By addressing the needs of institutions that focus on education, we are helping the core and future of the reconstruction process. A functional school and university provide the normalcy and stability younger generations need in the midst of destruction and chaos. It is critical for college students to continue their education, as this will prepare them to creatively find effective solutions to the pressing problem of these societies. In addition, schools and universities give back to the local communities by providing needed employment and working on projects that address critical needs.
The strength of De Pueblo a Pueblo lies in its research ability and connections in those places to identify the critical needs and effective projects led by the “people on the spot.” We are calling these efforts ‘People to People’ precisely because the aid will go directly from our local community to benefit a number of grassroots, people-led community projects in Mexico, Puerto Rico and the Virgin Islands. Rather than supporting one big single project, De Pueblo a Pueblo is contributing to different endeavors that facilitate local people’s efforts to address critical community needs and rebuild in a stronger and sustainable way. We believe that contributing, even in small ways, highlights and empowers people-led projects which provide needed emotional support and encouragement to those working on the spot.
These are the education projects De Pueblo a Pueblo will focus on:
- Elementary schools: Given the financial hardships that the educational system in Puerto Rico is going through after Hurricanes Irma and María, schools that have literature-based curricular projects currently struggle to acquire and replace lost and damaged books in their children’s literature collections. De Pueblo a Pueblo is working with five elementary schools in critical need and in areas that still lack power like Bayamón and Humacao. Your contribution to De Pueblo a Pueblo will help provide quality children’s books for elementary schools as well as needed school supplies.
- De Pueblo a Pueblo will contribute computer equipment to improve access to and preservation of invaluable cultural heritage and research collection at risk through digitization. Due to structural damaged caused by hurricanes, humidity inside these buildings is causing a major mold outbreak that is affecting many library resources. As a result, many libraries in the University of Puerto Rico (UPR) system are currently closed as they pose a health hazard for both library patrons and staff. Providing digital access to library collections can effectively meet the needs of library users, and also contribute to ensure the long-term preservation of library resources.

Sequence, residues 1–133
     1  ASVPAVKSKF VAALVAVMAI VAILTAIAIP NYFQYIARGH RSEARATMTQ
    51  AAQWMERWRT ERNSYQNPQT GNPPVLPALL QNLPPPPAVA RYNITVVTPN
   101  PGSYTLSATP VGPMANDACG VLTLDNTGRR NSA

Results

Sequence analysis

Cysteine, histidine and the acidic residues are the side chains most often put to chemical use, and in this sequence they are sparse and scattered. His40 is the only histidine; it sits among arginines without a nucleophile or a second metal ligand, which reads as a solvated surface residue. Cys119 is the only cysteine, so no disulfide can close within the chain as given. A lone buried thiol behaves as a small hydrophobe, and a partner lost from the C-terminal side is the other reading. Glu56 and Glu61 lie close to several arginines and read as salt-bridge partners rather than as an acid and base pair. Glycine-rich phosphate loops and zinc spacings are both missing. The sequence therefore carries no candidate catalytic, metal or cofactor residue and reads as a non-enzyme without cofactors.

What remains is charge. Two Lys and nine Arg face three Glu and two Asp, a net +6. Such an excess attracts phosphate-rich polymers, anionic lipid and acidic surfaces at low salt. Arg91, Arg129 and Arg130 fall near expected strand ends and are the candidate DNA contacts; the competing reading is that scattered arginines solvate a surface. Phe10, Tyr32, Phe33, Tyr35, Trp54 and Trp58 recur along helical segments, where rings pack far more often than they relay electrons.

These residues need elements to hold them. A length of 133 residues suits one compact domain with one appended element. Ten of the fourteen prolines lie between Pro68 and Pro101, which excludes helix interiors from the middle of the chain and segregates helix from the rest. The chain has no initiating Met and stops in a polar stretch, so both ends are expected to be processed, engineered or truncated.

- For the University of the Virgin Islands, De Pueblo a Pueblo will contribute to its rebuilding general fund that is effectively addressing their campus as well as its community needs.
- Innovative college students’ and grassroots projects that address critical community problems:
- De Pueblo a Pueblo will contribute to student-led community kitchens that help both students and local communities in need. Our efforts will focus on the soup kitchens developed by the Centro para el Desarrollo Político, Educativo y Cultural (CDPEC) at several campuses of the Universidad de Puerto Rico. Much more than a soup kitchen, this grassroots promotes agriculture, sustainability and solidarity.
- Comité Melendre is a local business effort based in Oaxaca that has channeled aid to people affected by the September earthquakes. Established in 2004 in Juchitán, this non-profit organization seeks to empower civil society, focusing on sustainability as well social, cultural and educational projects. Its program Canasta básica istmeña supports local business—buying directly from producers and sellers in Istmo de Tehuantepec. More info is available at here.
De Pueblo a Pueblo is working in partnership with The Narra Foundation, a local Bloomington non-profit, to make a difference in our sister communities. Your contribution will be tax-deductible and will directly benefit those in need, from people to people.
When a string of tropical storms ripped through Puerto Rico, Mexico, the Caribbean and the U.S. Virgin Islands in late August and early September, many Latin Americans in Bloomington had the same reaction: shock.
After scrambling to track down family members and friends living in the area, shock turned quickly to mobilization. Now, several Indiana University faculty and staff members have turned that mobilization into the fundraising initiative de Pueblo a Pueblo, or in English, From People to People.
“There was a real sense of urgency from people here at IU to not sit passively and to actually do something,” said Carmen Medina, associate professor in the School of Education and one of the founders of From People to People.